The owners of La Flecha, an area of ground located at 260 km from Trelew in the province of Chubut, contacted the Museo Paleontológico Egidio Feruglio (MEF) in 2011 because they had found something that seemed to be like fossil remains.
José Luis Carballido, CONICET researcher at the MEF, explains that this chance discovery turned out to be the fossil remains of seven species of a new dinosaur, the largest vertebrate ever found. This animal –that has not got a name yet- would be the first one of an unknown species because this does not belong to a great group of sauropods. These large herbivorous dinosaurs, which have small head and neck and large tail, lived about 210 and 65 millions of years ago, since Late Triassic to Late Cretaceous.
“This species’ length from head to tail was about 40 meters long, its height was 20 meters and it weighted 70 tons”, Carballido says. “Except for the blue whale (Balaenoptera musculus), this is the largest animal that inhabited the Earth”, the researcher adds.
The scientist and his team found about 70-80 per cent of the skeleton, an exceptional case in paleontology. “This new dinosaur is not only interesting for its size but also for being the most complete herbivore of the titanosaurus (great dimensions dinosaurs) ever found so far and we managed to have a precise reconstruction of how it was”, Carballido comments.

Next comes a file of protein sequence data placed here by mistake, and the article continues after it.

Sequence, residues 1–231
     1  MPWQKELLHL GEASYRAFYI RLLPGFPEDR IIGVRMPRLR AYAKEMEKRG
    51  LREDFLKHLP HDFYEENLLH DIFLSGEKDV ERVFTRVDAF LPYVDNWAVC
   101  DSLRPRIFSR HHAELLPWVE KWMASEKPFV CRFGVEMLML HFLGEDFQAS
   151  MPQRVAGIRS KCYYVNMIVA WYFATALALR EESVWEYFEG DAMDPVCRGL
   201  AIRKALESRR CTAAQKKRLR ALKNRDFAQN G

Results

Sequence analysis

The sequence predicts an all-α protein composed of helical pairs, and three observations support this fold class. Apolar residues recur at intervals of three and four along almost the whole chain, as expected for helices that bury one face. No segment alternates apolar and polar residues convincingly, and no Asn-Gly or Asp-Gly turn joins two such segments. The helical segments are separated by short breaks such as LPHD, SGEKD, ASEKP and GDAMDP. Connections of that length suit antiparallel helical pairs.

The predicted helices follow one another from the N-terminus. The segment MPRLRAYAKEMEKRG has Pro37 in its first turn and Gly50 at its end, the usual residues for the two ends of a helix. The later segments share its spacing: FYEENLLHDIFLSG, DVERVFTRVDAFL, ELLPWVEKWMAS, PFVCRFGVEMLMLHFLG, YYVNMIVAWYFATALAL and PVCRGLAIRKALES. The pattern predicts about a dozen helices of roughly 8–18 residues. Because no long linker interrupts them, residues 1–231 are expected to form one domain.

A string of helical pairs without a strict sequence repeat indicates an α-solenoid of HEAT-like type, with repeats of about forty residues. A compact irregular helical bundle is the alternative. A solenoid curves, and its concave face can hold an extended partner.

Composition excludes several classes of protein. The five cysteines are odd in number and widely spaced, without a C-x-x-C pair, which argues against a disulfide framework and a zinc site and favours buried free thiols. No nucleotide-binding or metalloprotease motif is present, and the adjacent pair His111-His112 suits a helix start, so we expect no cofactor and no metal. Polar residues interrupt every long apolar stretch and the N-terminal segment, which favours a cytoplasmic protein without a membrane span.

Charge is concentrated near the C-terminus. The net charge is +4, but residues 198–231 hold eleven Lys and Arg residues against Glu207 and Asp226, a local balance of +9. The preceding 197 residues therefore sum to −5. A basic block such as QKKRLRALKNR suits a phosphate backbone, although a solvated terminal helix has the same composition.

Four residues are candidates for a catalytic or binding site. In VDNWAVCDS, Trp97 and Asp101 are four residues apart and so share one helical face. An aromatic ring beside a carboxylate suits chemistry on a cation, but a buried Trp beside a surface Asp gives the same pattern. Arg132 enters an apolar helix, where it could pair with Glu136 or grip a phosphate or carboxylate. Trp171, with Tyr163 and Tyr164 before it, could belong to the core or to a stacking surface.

In general, in the case of the titanosaurus, scientists find a very low percentage of all the bones, so the rest is reconstructed from information of other related species, with an error rate that sometimes cannot be estimated.
How it was
The experts work with a German company specialized in modeling this type of pieces so as to prepare the presentation of this species in Trellew. The aim was to show how this dinosaur must have been, a representation of its size, musculature, skin texture and color as realistic as possible. It weights more than 15 tons and it is going to be displayed permanently in the northern entrance of the city.
“It was specially designed to stand the outdoor conditions of Patagonia”, Rubén Cúneo, CONICET principal researcher and director of the MEF, explains. “It is ready to withstand wind gusts up to 250 km/h and temperatures above 60 °C”, he adds.
The dinosaur was disassembled and transported by ship from Germany. It took about five days to be assembled.